From early stages of your hype campaign, you must condition investors to focus on non-fundamental value related metrics. There are the obvious ones, such as revenue, revenue growth, EBITDA, and adjusted pro-forma operational EBITDA, but I am talking about metrics that are even further removed from actually signaling anything about profits or cash flow. Consider metrics such as number of users, number of units sold, website views, hours listened, number of tweets, miles driven, kwh used on superchargers, etc. The metrics you choose to focus your hype campaign around may be unique to your business model or industry. In fact, they should be unique to your business if at all possible so that investors have absolutely nothing to benchmark you to or compare you to. If you are at a pre-revenue stage you have an even more inherent advantage over your less fortunate, more profitable peers in that you can start with a blank slate and begin to condition investors on meaningless metrics and milestones before cash flow is available to be scrutinized. For example if you are a medical diagnostic company like Exact Sciences, in order to shift focus off your $94 million cash burn rate, you will emphasize how many doctors are signing up to be able to potentially order your diagnostic test. Or, emphasize the percentage of patients complying with the doctor and actually shipping back the bucket of their feces. Whichever metric you choose to condition investors to focus on, it is all in an effort to deflect focus from your cash burn or lack of solid fundamental foundation.
"...we averaged half a billion homes viewed on Zillow from a mobile device. This translated to 200 homes viewed per second, which is nearly 10 times greater than when we started tracking this metric three years ago. To give you some perspective, during the time of this one-hour earnings call, over 700,000 homes will be viewed on Zillow on mobile devices." - Spencer Rascoff, Zillow on the Q3 2014 Revenue Conference Call
"Amazon has released a large amount of data about online sales in 2012, with lots of factoids and vague figures for digital downloads, purchases, and product shipments. And the biggest piece of data revealed by the company was the number of packages it sold on the peak day of 2012.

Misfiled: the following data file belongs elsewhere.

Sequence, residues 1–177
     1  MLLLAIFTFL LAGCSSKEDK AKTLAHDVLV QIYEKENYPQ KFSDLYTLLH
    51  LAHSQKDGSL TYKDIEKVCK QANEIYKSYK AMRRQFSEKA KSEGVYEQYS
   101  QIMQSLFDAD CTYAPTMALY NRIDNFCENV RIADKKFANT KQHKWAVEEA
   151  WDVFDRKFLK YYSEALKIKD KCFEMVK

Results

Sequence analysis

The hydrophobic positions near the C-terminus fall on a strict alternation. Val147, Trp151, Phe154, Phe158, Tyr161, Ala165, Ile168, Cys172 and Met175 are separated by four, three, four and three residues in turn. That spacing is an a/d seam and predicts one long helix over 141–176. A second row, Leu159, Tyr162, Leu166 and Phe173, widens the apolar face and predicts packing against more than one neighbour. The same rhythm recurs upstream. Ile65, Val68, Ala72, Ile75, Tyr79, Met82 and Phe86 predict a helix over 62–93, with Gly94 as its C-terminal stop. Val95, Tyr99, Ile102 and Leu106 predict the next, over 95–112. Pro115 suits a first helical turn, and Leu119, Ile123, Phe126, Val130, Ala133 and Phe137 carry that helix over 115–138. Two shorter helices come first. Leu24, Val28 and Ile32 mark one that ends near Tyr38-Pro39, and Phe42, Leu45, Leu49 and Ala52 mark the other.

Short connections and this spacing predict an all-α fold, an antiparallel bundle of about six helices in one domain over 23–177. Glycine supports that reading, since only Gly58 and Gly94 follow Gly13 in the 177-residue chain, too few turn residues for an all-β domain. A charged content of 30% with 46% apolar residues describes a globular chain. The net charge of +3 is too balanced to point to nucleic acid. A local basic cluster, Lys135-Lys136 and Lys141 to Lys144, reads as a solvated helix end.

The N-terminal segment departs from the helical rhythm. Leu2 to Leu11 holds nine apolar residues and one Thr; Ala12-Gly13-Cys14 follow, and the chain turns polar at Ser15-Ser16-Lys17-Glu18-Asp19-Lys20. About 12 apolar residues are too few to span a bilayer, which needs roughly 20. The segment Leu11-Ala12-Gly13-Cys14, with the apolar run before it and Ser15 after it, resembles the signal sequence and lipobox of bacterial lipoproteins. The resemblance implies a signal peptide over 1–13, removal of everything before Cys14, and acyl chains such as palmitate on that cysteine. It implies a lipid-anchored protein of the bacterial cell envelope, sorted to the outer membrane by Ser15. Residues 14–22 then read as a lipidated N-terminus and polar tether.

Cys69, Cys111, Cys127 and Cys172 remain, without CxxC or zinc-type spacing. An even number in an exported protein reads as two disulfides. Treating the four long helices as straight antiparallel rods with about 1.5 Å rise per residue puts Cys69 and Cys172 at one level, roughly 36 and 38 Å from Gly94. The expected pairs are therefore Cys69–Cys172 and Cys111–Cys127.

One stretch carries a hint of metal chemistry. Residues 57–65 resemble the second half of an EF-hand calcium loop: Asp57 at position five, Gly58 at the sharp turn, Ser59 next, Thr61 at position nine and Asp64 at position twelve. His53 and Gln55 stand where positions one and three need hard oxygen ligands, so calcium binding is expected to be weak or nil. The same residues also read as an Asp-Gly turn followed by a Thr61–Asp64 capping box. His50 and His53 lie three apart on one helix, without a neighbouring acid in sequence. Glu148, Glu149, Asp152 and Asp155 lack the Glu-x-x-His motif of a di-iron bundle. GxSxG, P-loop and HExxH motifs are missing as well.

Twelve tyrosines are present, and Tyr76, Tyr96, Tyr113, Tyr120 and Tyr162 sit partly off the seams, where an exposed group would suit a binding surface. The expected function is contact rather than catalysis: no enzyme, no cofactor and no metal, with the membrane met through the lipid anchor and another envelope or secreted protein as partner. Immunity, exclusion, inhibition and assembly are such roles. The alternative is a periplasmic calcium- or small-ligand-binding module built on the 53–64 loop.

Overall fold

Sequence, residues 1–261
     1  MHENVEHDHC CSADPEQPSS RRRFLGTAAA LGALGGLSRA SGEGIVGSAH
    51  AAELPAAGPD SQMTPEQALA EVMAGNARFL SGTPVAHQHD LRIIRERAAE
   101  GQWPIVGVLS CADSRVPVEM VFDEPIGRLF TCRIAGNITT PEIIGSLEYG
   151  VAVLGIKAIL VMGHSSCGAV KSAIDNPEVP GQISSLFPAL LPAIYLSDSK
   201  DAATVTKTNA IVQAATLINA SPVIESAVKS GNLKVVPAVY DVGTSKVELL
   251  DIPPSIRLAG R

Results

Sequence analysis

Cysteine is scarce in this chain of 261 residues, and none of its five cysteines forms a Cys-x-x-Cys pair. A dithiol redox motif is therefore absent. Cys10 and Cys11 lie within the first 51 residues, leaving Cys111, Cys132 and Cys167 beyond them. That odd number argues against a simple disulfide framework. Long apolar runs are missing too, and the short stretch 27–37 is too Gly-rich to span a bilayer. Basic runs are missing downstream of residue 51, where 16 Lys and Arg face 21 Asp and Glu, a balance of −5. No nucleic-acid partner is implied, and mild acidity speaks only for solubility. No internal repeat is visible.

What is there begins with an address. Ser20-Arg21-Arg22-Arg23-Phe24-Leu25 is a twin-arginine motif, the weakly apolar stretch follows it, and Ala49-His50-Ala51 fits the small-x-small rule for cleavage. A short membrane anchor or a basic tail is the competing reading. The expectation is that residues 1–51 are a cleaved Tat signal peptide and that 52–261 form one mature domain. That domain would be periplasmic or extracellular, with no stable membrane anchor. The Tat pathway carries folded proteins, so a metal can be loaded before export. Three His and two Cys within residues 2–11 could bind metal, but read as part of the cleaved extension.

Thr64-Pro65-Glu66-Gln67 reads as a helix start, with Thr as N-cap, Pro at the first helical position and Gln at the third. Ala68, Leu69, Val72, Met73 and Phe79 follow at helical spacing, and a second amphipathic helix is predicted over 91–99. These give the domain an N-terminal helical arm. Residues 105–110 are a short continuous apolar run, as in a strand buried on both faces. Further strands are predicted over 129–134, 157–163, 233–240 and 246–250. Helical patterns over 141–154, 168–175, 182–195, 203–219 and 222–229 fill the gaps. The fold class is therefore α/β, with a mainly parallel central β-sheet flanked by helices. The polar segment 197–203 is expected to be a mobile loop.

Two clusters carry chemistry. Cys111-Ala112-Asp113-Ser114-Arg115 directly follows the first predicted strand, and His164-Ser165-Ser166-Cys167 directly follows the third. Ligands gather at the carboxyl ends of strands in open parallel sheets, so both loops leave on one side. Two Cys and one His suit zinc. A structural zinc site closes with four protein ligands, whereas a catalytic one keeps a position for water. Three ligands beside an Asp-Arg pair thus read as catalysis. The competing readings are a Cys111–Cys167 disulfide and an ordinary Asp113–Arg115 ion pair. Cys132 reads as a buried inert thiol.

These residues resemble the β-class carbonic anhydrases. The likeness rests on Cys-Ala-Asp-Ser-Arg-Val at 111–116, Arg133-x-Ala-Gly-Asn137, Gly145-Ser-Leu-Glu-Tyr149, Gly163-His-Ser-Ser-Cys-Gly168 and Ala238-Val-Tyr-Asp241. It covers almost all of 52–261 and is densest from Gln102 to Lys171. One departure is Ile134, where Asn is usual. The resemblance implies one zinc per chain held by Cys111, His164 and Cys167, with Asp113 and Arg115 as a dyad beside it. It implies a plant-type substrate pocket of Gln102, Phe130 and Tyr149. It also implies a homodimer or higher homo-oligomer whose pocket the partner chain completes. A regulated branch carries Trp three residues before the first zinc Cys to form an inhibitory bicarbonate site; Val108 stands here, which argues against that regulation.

On Nov. 26, Amazon sold 26.5 million items worldwide across all product categories. That equates to a whopping 306 items per second, a new record, according to the company.
Amazon also shed some insight into ebook purchases for the year. For instance, it revealed that 23 of its self-publishing (Kindle Direct Publishing) authors each sold over 250,000 copies of their respective books in 2012."
"The Amazon MP3 store has sold enough music for everyone at Woodstock ’69 to jam out to another three days of music for peace and love."
"Amazon customers added more than 15 million toys to their Wishlists this holiday season." -- This last one is not even related to anything generating revenue, simply what customers added to their saved wish-lists on their Amazon account. Here they are shamelessly hyping the potential for future revenue.
Any press release or Revenue Conference Call transcript from Amazon will provide a plethora of ideas for you and get your hype juices flowing to assist you in your quest to find meaningless metrics to highlight and condition investors to focus on. None of these data points actually tell us anything about the profitability of Amazon. They could have sold 100% of these items at a loss, but the release had its intended effect which includes dozens of articles written in high profile publications and websites that highlight these meaningless metrics. The amount of press coverage Amazon generates from the meaningless metrics (from an investor's point of view) is mind-boggling and the exposure has a long tail, meaning the coverage goes on and on for weeks/months, perpetuating the cycle of hype.